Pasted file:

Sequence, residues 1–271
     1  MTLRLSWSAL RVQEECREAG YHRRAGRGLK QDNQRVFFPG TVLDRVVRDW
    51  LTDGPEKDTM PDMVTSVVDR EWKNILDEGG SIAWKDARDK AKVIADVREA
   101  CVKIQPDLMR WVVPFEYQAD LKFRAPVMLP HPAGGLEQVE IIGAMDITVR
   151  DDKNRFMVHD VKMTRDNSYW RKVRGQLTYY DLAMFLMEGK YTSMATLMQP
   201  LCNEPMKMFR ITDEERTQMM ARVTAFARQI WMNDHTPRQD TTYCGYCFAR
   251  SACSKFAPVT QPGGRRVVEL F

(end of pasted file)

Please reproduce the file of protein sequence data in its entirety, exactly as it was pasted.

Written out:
Sequence, residues 1–271
     1  MTLRLSWSAL RVQEECREAG YHRRAGRGLK QDNQRVFFPG TVLDRVVRDW
    51  LTDGPEKDTM PDMVTSVVDR EWKNILDEGG SIAWKDARDK AKVIADVREA
   101  CVKIQPDLMR WVVPFEYQAD LKFRAPVMLP HPAGGLEQVE IIGAMDITVR
   151  DDKNRFMVHD VKMTRDNSYW RKVRGQLTYY DLAMFLMEGK YTSMATLMQP
   201  LCNEPMKMFR ITDEERTQMM ARVTAFARQI WMNDHTPRQD TTYCGYCFAR
   251  SACSKFAPVT QPGGRRVVEL F